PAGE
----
From the moment eggs hatch, poultry pick up bacteria from their surroundings, their feed and the people handling them. Much of that bacteria ends up in their GI system, multiplying until they’ve colonized every part of it from the esophagus and the crop to the intestines and cloaca. If commercial farmers are lucky, most of these microbes are beneficial. If not, harmful pathogens can spread through poultry like a wildfire, decimating flocks in the blink of an eye.
More farmers are aware of poultry farming disease management, but they’re not always informed about the essential role the gut plays. Here’s how the right amount of seaweed is shaping up to boost the immune response of commercial poultry.
With all of the different strains of harmful bacteria, it’s critical that producers take action early to give their poultry flock a fighting chance. Poultry farming disease management strategies like spraying disinfectant mists or eliminating disease-carrying pests from housing systems are an excellent start to reduce the source of infection. Yet when poultry does get infected, there’s not much these types of preventative measures can do to prevent a viral spread from bird to bird.
Your best line of defense once viruses like Salmonella, E. coli and Clostridium enter the gut tract is the microfauna within a bird’s gut. When there is a diverse population of bacteria and other microbes throughout poultry’s GI tract, any microscopic invaders will have to compete with a more established colony of microorganisms – some of which even produce anti-microbial properties to hinder the success of pathogens in killing their host. Isn’t mutualism great?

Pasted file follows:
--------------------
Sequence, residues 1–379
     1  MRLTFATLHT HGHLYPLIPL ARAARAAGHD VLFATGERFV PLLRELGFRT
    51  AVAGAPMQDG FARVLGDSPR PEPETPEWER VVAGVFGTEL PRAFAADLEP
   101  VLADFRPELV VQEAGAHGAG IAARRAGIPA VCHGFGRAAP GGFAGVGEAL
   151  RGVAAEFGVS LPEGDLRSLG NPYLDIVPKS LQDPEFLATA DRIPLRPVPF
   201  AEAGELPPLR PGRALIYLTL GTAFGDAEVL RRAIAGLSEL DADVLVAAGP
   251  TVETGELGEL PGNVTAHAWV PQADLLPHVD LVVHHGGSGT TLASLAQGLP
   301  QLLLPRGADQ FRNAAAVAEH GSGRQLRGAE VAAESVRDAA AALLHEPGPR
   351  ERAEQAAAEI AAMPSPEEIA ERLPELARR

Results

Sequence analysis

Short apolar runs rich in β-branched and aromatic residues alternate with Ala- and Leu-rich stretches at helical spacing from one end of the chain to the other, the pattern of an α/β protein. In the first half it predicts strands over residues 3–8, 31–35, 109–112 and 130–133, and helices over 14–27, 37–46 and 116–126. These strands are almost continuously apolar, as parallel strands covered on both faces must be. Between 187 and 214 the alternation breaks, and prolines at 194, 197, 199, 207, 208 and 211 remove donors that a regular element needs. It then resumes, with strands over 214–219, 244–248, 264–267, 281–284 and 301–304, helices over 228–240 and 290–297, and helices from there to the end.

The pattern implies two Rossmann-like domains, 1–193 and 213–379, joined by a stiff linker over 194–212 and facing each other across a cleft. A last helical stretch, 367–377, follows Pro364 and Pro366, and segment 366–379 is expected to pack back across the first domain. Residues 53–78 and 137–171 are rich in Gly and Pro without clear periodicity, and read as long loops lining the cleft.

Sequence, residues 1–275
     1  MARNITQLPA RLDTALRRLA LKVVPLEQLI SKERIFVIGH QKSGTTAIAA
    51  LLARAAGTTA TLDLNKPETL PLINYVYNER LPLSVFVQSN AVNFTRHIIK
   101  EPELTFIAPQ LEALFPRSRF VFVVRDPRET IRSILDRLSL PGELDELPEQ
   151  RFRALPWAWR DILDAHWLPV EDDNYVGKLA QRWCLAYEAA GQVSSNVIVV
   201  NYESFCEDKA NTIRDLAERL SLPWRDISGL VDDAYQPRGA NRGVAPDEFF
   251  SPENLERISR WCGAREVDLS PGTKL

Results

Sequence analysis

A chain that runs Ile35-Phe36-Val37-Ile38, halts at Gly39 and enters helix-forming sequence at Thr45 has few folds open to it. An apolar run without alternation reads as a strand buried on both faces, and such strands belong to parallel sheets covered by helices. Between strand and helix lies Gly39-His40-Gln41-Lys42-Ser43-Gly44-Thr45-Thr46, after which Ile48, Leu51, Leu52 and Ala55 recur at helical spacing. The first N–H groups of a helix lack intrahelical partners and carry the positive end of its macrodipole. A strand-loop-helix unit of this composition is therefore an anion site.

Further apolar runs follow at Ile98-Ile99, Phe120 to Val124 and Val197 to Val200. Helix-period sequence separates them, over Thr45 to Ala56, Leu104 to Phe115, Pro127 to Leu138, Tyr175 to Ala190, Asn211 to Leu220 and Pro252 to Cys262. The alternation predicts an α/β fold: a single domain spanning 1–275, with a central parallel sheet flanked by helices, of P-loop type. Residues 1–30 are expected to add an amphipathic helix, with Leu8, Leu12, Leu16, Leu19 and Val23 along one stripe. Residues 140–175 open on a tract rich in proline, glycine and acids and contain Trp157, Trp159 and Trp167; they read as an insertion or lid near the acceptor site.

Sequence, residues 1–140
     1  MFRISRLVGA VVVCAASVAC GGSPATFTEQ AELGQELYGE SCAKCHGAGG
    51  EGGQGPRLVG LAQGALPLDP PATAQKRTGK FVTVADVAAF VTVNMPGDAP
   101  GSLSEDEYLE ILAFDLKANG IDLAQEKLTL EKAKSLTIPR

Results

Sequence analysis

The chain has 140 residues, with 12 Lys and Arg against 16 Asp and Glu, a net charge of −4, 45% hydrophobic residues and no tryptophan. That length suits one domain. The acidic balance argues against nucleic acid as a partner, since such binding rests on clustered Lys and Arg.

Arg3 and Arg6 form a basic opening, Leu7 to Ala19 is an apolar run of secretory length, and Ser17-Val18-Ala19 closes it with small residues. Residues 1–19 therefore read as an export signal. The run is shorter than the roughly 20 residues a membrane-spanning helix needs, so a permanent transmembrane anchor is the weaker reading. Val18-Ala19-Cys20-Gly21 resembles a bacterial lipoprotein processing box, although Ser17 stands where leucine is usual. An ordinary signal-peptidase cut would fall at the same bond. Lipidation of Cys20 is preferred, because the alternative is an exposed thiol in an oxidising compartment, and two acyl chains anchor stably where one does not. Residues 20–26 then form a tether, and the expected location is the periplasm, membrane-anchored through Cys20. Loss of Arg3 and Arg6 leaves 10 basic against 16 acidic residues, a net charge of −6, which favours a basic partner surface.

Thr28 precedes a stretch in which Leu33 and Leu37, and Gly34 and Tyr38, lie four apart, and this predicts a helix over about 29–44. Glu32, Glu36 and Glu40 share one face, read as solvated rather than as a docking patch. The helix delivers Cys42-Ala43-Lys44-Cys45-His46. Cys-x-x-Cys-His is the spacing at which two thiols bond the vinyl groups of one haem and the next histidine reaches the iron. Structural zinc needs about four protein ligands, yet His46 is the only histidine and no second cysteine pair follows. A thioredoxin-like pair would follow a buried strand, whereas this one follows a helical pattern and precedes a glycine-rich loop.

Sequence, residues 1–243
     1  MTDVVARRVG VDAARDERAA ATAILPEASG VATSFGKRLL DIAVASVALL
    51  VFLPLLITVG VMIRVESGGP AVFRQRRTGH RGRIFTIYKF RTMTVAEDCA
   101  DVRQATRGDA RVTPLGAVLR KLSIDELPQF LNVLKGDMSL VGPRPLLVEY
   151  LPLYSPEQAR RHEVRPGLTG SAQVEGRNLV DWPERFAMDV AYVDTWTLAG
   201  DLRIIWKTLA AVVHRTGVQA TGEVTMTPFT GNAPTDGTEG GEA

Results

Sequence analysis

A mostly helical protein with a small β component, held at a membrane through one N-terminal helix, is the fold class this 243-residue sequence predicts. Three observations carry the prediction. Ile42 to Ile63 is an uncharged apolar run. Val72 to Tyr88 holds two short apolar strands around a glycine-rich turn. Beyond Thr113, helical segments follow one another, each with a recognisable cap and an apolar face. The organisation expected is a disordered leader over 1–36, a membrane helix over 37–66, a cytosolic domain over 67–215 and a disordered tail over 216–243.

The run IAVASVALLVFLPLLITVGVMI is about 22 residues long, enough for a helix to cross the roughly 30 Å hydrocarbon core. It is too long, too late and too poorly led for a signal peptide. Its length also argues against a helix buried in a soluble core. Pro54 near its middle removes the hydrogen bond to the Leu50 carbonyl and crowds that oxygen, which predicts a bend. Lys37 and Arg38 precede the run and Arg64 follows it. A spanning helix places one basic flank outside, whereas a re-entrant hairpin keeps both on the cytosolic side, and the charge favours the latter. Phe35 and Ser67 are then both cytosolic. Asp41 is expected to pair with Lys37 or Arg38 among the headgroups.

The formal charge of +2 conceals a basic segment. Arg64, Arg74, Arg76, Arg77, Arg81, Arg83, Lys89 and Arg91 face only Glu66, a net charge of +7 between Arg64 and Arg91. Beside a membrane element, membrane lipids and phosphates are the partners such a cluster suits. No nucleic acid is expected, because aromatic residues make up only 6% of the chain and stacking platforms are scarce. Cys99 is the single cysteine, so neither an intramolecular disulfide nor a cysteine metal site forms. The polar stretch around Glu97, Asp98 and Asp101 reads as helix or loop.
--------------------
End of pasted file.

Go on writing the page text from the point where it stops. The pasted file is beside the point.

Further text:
In our previous trials, we had seen how seaweed supplements can increase the healthy gut bacteria and immune response of livestock such as cattle, and we wondered: could we see the same result with poultry? As with most questions, we set up a trial to test the hypothesis.
We started by enriching a standard chick starter ration by swapping out 2% with our Tasco® feed supplement. One-day-old chicks were then inoculated with Salmonella and Campylobacter and were sacrificed after ten days to compare the tissues from their organs and feces against a control group of chicks. The results showed a significant reduction in the amount of both strains of bacteria, which is promising especially since the chicks were still forming their gut biomes.
This offers incredible possibilities for commercial and free-range production birds. Using our seaweed feed supplement in flock disease management can help to create another vital barrier, fortifying the health of these birds throughout their entire lives – from hatched egg to entrée.
It’s time to maximize the results of your poultry farming disease management. Reach out to our team and learn the recommendations for our seaweed feed supplement.